We Need an American Male Saint
One of the more interesting stories about Mother Teresa is her role in the canonization of St. Damien de Veuster. She decided a saint for lepers was needed and approached the Holy Father, St. John Paul II, about making the SS.CC. missionary priest—and a leper himself—a symbol of hope and special interceder for those with leprosy. St. John Paul II obliged, starting St. Damien’s cause and beatifying him in 1995. Pope Emeritus Benedict XVI canonized him in 2009.
I think there’s a similar need today, not for a saint for lepers, but for an American male saint. Men in this country need a positive role model and powerful intercessor. Most will agree that there’s a real crisis of faith among American men, including Catholic men. This was the whole point of Bishop Olmsted’s exhortation, Into the Breach. So many guys are practicing the faith timidly or leaving it altogether, resulting in a family leadership vacuum. We need men to hold the line against the forces of evil.
Bishop Olmsted proposed ten saints in the exhortation (page 7), all fine examples from which I’ve profited myself. But I wonder if a uniquely American man might help in this regard. A guy who lived in this country, played baseball, served in the US armed forces, celebrated the 4th of July, ate apple pie. One who spoke American English and wrote with an American voice. Perhaps a saintly example who hits close to home might help the men around us step into the breach.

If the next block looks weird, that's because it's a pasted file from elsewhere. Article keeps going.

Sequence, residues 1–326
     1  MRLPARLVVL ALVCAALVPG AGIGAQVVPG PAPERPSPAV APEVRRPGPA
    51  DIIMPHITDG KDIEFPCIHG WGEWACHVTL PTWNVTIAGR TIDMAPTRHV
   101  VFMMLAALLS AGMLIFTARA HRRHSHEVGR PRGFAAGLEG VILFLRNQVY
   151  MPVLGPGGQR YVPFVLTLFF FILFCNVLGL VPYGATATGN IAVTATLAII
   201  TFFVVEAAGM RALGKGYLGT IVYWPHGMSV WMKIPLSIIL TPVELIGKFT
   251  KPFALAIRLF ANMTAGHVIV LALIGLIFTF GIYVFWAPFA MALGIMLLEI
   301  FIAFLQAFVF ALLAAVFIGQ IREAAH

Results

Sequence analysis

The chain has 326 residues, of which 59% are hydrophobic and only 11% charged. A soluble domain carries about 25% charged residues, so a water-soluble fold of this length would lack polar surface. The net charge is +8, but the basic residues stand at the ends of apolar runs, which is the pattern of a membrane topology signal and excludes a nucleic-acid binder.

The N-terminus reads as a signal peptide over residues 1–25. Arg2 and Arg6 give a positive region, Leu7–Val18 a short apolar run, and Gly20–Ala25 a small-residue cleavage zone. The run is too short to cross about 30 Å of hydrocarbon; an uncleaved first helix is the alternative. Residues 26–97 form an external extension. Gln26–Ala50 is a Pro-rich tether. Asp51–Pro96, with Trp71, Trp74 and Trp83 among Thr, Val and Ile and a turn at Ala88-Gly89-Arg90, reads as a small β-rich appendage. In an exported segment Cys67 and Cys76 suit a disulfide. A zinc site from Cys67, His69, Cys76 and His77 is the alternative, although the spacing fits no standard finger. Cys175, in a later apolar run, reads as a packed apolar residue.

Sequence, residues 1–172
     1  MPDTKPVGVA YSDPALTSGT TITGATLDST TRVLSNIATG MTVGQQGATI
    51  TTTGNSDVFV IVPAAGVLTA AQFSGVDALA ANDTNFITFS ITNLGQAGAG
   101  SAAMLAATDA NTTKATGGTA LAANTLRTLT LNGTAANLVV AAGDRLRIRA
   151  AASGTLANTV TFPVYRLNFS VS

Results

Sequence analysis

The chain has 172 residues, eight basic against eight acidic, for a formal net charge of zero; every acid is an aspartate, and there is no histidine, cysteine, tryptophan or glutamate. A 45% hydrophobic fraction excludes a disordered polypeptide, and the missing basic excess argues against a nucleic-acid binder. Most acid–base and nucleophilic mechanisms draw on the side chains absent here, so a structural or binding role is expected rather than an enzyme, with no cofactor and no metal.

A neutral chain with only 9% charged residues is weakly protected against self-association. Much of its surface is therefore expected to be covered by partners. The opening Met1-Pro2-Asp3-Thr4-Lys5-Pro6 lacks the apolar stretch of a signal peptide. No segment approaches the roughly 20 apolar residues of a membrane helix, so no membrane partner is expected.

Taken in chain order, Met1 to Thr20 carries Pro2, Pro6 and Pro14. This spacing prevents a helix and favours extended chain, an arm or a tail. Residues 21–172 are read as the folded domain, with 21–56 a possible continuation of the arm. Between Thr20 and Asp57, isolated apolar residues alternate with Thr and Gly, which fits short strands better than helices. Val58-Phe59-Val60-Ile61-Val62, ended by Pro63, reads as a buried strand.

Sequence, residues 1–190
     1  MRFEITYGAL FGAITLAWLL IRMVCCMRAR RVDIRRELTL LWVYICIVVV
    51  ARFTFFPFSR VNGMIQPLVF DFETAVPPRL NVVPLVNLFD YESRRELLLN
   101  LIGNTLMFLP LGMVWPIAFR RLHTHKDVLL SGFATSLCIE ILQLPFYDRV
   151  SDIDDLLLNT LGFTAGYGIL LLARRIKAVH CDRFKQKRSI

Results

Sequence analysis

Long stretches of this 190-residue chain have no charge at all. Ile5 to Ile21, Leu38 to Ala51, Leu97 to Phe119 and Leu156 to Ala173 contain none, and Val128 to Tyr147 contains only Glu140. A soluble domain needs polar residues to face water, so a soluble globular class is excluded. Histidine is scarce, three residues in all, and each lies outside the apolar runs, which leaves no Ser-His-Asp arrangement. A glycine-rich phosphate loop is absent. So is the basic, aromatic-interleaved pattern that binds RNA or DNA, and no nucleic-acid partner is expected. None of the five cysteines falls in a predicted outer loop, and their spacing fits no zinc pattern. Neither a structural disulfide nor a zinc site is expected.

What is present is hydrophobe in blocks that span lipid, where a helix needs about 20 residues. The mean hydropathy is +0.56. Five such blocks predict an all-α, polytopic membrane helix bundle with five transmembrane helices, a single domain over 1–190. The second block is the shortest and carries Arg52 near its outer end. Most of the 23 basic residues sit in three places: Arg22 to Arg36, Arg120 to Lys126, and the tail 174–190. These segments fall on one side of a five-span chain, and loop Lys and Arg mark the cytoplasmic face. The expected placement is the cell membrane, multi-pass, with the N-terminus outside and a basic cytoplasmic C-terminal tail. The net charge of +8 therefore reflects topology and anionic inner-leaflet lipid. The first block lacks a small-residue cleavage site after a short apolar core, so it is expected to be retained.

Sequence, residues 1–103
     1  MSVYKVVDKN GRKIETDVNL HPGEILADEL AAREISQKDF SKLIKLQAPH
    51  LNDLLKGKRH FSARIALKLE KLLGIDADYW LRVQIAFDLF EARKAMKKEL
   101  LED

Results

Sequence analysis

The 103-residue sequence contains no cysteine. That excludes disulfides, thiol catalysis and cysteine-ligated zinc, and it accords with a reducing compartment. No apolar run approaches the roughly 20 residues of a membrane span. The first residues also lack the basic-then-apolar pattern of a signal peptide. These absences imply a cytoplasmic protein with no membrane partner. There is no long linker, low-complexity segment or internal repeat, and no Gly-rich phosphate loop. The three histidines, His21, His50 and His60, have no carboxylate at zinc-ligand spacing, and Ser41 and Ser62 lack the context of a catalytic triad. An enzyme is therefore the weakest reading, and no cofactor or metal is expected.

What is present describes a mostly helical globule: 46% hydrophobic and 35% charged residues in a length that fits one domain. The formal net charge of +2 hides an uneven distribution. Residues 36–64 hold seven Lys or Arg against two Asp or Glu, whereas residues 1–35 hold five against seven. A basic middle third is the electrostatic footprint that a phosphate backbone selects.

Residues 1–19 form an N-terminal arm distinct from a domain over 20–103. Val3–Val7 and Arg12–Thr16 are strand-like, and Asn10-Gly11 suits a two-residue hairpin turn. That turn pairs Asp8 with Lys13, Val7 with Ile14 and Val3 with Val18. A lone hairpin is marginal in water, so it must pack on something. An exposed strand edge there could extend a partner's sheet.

There are some very worthy candidates out there. My favorite is Fr. Emil Kapaun, a diocesan priest from Kansas who became a US Army chaplain in WWII and the Korean War. Chinese soldiers captured him and a number of other US soldiers in November 1950. He carried a fellow serviceman on the long march to a camp in North Korea, where he eventually died. President Obama posthumously awarded Kapaun the Medal of Honor in 2013. The Church has already documented two clear miracles attributed to his intercession.
I also like Fr. Solanus Casey, a Capuchin friar originally from Wisconsin who served many years at St. Bonaventure monastery in Detroit. He had enough brothers in his family that they formed their own baseball team, with Fr. Solanus as catcher (with no mitt). Fr. Solanus’s last act and words before dying were to sit up stoutly in his hospital bed and say, “I give my soul to Jesus Christ!”
We’ve also got Fr. Vincent Capodanno, Fr. Walter Ciszek, Michael McGivney, and of course Archbishop Fulton Sheen. We have women who have made it through to canonization—Elizabeth Ann Seton and Katharine Drexel—but no men.
Obviously I’m no Mother Teresa (who is?!), but we can still play a part in furthering these causes through prayer and talking about these guys. Teach your sons about them; tell their stories to your friends and family. Visit their hometowns or other associated places. We had a wonderful visit to Fr. Kapaun’s birthplace, Pilsen, KS, a couple years ago. These men are living in the Body of Christ with us and are cheering us on as we run our own races. They are American men who lived masculine lives in the breach, showing us it’s possible to get to Heaven from the United States. Let us follow them onward.